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Do institutions really matter for saving among low-income households? A comparative approach

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  • Han, Chang-Keun
  • Sherraden, Michael

Abstract

This study aims to examine the extent to which competing theories explain saving of low-income households in Individual Development Accounts (IDAs). Competing theories include the individual-oriented perspective, a social stratification perspective, and institutional saving theory. We use American Dream Demonstration (ADD) data collected at the Tulsa IDA program. Compared with the individual perspective and the social stratification perspective, institutional features explain a large part of the variance in saving outcomes measured by average monthly net deposit (AMND) and deposit frequency. Findings suggest that institutional structures encouraging low-income households to save may contribute to more inclusive asset-based policy.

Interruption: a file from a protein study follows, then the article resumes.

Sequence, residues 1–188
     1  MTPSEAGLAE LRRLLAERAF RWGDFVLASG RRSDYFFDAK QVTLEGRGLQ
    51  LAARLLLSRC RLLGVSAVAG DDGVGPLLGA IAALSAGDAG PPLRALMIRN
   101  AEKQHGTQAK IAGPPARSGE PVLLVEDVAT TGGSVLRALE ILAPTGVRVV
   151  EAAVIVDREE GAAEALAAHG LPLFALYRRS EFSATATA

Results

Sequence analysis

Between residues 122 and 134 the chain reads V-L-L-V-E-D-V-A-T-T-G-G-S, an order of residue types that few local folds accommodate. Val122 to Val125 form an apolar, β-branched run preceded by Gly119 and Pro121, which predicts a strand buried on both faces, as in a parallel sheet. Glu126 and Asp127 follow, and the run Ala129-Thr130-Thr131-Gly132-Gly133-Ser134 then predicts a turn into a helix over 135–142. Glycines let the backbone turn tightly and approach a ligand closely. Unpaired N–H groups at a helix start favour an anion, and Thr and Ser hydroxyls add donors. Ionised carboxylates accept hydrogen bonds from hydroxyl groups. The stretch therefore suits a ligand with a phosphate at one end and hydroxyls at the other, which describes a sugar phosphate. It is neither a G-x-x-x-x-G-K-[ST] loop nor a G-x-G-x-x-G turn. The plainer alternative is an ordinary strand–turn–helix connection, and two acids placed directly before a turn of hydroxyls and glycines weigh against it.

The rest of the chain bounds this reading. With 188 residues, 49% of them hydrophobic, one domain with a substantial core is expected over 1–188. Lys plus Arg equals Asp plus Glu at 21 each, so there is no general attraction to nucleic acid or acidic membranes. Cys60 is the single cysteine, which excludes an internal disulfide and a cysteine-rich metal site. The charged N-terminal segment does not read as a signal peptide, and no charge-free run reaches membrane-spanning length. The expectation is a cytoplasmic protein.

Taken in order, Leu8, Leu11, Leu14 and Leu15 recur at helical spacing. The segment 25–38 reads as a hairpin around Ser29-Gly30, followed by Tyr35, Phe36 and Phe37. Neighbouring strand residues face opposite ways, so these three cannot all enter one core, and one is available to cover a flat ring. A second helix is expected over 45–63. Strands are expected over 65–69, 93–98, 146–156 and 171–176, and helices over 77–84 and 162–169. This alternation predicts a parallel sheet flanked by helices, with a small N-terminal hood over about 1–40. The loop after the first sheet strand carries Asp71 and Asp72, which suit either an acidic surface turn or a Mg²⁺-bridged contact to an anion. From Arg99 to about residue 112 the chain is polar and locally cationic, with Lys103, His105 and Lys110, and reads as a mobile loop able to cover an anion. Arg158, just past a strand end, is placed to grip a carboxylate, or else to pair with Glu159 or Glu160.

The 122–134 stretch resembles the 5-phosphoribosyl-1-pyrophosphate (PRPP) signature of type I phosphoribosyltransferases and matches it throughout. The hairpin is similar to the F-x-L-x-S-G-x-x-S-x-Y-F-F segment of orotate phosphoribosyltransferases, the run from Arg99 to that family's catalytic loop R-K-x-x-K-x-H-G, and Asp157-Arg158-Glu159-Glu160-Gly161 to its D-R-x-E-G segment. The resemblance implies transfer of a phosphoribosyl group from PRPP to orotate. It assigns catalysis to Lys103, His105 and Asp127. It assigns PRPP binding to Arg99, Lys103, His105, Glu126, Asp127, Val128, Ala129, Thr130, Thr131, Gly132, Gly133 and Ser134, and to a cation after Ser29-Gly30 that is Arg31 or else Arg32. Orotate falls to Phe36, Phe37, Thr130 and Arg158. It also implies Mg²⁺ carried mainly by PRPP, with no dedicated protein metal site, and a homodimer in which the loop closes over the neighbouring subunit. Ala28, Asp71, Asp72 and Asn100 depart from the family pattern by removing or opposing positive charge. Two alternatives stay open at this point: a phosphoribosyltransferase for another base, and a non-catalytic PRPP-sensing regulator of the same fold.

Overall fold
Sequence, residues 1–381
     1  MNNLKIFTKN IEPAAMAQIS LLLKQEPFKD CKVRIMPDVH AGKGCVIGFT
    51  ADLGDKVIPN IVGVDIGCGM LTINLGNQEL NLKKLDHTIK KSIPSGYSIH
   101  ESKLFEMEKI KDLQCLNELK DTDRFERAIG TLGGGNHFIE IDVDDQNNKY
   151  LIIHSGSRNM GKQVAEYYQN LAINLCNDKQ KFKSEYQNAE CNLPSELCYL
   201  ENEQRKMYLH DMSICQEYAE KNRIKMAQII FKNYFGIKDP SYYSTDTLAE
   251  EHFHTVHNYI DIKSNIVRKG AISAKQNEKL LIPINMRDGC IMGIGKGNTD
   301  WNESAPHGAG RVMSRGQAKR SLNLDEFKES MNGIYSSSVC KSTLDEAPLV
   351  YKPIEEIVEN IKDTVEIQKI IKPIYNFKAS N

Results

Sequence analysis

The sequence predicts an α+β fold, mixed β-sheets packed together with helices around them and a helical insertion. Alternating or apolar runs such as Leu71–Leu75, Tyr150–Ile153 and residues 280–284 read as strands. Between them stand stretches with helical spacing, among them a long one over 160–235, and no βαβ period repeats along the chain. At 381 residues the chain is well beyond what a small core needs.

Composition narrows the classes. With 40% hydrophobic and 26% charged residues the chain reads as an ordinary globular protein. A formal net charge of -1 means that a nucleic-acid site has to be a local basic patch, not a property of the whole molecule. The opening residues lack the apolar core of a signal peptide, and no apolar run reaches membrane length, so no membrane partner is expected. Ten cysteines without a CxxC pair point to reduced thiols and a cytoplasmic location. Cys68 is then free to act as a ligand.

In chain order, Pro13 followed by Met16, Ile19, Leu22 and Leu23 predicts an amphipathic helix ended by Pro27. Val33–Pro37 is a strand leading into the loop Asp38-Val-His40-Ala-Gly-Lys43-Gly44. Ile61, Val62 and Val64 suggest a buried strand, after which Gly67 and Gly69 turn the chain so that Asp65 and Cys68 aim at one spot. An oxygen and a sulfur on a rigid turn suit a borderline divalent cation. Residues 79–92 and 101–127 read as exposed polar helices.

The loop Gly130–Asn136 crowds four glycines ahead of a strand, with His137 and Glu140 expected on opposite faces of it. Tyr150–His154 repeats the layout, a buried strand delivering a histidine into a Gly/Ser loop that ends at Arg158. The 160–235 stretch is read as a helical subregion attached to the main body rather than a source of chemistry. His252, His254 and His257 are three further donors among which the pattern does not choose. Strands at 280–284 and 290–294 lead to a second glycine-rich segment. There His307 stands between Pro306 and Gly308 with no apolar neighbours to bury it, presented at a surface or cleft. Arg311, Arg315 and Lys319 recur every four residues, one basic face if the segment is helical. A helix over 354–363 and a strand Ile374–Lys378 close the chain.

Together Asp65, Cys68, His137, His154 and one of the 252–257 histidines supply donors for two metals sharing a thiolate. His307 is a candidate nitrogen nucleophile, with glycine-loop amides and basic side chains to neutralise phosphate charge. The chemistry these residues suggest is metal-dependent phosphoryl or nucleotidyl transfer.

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  • Han, Chang-Keun & Sherraden, Michael, 2009. "Do institutions really matter for saving among low-income households? A comparative approach," Journal of Behavioral and Experimental Economics (formerly The Journal of Socio-Economics), Elsevier, vol. 38(3), pages 475-483, June.
  • Handle: RePEc:eee:soceco:v:38:y:2009:i:3:p:475-483
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    Cited by:

    1. Yoko Mimura, 2014. "The Relationship Between Life Satisfaction Among Wives and Financial Preparedness of Households in Japan," Journal of Family and Economic Issues, Springer, vol. 35(4), pages 532-541, December.
    2. repec:spr:qualqt:v:51:y:2017:i:4:d:10.1007_s11135-016-0342-1 is not listed on IDEAS
    3. Bucciol, Alessandro & Veronesi, Marcella, 2014. "Teaching children to save: What is the best strategy for lifetime savings?," Journal of Economic Psychology, Elsevier, vol. 45(C), pages 1-17.
    4. Vernon Loke & Laura Choi & Margaret Libby, 2015. "Increasing Youth Financial Capability: An Evaluation of the MyPath Savings Initiative," Journal of Consumer Affairs, Wiley Blackwell, vol. 49(1), pages 97-126, March.

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